Critical support for the Senate-passed CAFE bill comes from energy security advocates, a mix of retired generals and flag officers and executives from companies that are especially vulnerable to energy price shocks.
The Energy Security Leadership Council (ESLC) is an example. The positions ESLC takes — and the positions it doesn’t — are instructive.
The Energy Security Leadership Council (ESLC) is headed by Frederick W. Smith, Chairman, President, and CEO of FedEx Corporation, and General P.X. Kelley (Ret.), former Marine Corps Commandant and member of the Joint Chiefs of Staff. ESLC members say the problem is that the U.S. has become dangerously dependence on foreign supplies, but more importantly, susceptible to price shocks in the global oil market. This, they say, makes U.S. foreign policy subject to the whims of international power politics.
- “Reform the Corporate Average Fuel Economy (CAFE) system in order to make it more market-, size-, and attribute-based and to allow for the application of different but increasingly stringent standards.”
- “Set a target of 4% for annual increases in fuel efficiency of all passenger cars and light-duty trucks weighing up to 10,000 lbs.”
- “Allow ‘off-ramps’ if 4% is technically infeasible, unsafe, or not cost-effective for a given year.”
Details concerning the design and implementation of such a program are limited, including, for example, crucial definitions for feasibility, safety, and cost-effectiveness.
The ESLC gives the following reasons for supporting CAFE:
CAFE was instrumental in helping Americans lower oil usage by the early 1980s, but its requirements for cars have remained essentially unaltered for twenty years even as the imperatives of energy security have grown more pressing and technological advances have made efficiency improvements increasingly possible. Moreover, the weaker CAFE standards for pickup-trucks and SUVs, although recently marginally raised, have encouraged a market shift toward larger vehicles that get fewer miles per gallon (mpg) than the cars they functionally displace. As a consequence, America’s light-duty vehicle fleet has the lowest average fuel “economy” in the developed world (footnotes omitted).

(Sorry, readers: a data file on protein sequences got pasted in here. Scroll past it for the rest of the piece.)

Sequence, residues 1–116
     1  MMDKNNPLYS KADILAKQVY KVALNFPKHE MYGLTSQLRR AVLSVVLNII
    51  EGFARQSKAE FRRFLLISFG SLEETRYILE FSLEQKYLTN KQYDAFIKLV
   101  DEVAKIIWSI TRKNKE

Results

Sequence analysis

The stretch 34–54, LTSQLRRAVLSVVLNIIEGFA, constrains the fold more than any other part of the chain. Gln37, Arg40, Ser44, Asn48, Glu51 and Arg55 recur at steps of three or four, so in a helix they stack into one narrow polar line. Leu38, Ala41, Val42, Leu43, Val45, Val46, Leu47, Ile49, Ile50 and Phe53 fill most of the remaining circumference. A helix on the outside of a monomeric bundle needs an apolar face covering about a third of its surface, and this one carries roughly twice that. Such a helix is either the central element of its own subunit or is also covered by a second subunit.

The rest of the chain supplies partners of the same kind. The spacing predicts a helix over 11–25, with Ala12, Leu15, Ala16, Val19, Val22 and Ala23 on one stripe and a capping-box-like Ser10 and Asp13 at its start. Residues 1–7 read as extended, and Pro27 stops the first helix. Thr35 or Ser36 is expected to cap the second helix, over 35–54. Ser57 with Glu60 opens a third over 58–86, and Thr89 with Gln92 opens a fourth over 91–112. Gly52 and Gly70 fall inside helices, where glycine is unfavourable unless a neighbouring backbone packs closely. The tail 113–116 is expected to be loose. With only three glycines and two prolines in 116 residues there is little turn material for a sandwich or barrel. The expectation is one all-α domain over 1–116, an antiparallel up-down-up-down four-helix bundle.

This analysis excludes any acknowledgment of the costs that were borne to achieve these consumption reductions, or the fact that the same consumption reduction could have been achieved at much less cost using other policy instruments. For example, a 2002 report by a committee of the National Academy of Sciences estimated that CAFE reduced oil consumption by 2.8 million barrels per day but increased annual highway fatalities by 1,300 to 2,300. Whereas all additional highway deaths are real costs, only the energy security benefits of these “savings” in fuel consumption qualify as genuine benefits. Moreover, the calculations ignore the deadweight loss from CAFE’s inherent inefficiency, as well as both the financial cost of achieving CAFE standards and the value of lost consumers’ surplus resulting from not getting “amenities [consumers] clearly value, such as faster acceleration, greater carrying or towing capacity, and reliability” (NRC report at 3).